So much has been written about Lalu Prasad that you’d have thought there was nothing more to say. But the author chronicles in detail, the growth and developmen­t of gangs, the inability and eventual retreat of the state in its capacity to deal with them and Lalu Prasad’s sublime indifferen­ce to developmen­t. The rallying cry was “bhurabal saaf karo” (clear out the brown hair, bhurabal being an acronym for upper caste Bhumiharra­jput-brahmin-lala or Kayasth). Experiment­s to empower OBCS — mainly Yadavs — by moves such as starting Charwaha Vidyalaya (Herders University) were symbolic interventi­ons, politicall­y meaningful but administra­tive failures.

In any event, after 15 years of Lalu Prasad, when Bihar got Nitish Kumar as chief minister, the base was so low that the latter could only have taken the state up.

The book discusses how instrument­s in law, policy and bureaucrac­y were used by Nitish Kumar to wrest back administra­tive control. He used the Arms Act to lock up mafia gang lords hand-picking Abhayanand, as director general of police. But no less was the role of P K Shahi who was appointed advocate general. Armed with a selected bureaucrac­y, Nitish Kumar embarked upon a turnaround story that illustrate­s a new reality in Indian politics — that the way to the heart of a voter is via an accessible police station. Mayawati and Yogi Adityanath would follow a similar strategy in UP.

But by the time Nitish Kumar’s first tenure ended, caste politics had resurfaced. The effort now was to empower the Extremely Backward Classes (EBCS) and focus on Pasmanda Muslims (lower caste Muslims). His compromise with upper caste ganglords illustrate­d the limits to administra­tive restructur­ing. Despite efforts, the “Bihari” identity could not supplant caste. Migration and the readiness to do low-paid jobs became a fact of life to the point where “even the Nepalese look down upon Biharis”. Even the Nepalese? Really?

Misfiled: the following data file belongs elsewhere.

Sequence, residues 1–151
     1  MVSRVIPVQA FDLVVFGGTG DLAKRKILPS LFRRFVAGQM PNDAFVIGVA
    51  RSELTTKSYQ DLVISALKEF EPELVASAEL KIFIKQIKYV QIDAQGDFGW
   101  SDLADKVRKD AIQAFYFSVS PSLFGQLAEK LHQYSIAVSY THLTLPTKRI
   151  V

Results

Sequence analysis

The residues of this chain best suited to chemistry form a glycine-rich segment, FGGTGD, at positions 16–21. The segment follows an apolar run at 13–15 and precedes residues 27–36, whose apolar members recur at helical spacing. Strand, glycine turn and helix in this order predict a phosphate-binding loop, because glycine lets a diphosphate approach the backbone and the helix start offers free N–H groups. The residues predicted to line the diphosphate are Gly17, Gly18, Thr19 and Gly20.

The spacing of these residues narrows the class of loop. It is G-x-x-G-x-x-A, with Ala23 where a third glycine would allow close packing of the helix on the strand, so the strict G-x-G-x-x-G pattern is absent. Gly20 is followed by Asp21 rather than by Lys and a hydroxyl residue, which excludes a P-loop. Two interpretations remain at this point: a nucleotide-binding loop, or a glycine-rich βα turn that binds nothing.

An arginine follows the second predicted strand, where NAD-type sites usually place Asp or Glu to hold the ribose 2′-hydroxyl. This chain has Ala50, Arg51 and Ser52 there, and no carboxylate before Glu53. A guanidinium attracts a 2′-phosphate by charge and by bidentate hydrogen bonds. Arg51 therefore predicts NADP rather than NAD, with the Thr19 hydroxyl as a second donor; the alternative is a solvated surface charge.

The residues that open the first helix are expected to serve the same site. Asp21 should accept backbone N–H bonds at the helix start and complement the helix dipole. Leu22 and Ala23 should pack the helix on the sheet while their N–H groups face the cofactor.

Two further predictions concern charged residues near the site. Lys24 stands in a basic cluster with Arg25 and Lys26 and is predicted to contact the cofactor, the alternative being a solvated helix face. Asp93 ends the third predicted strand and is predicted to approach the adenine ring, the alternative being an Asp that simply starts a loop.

Barring a few such throwaway remarks, the book is an excellent study of caste, class, crime and politics in Bihar, recommende­d most highly for students of public policy and the politics of India.

 ?? ?? BROKEN PROMISES: Caste, Crime and Politics in Bihar Author: Mrityunjay Sharma Publisher: Westland Books Pages: 333
Price: ~699
BROKEN PROMISES: Caste, Crime and Politics in Bihar Author: Mrityunjay Sharma Publisher: Westland Books Pages: 333 Price: ~699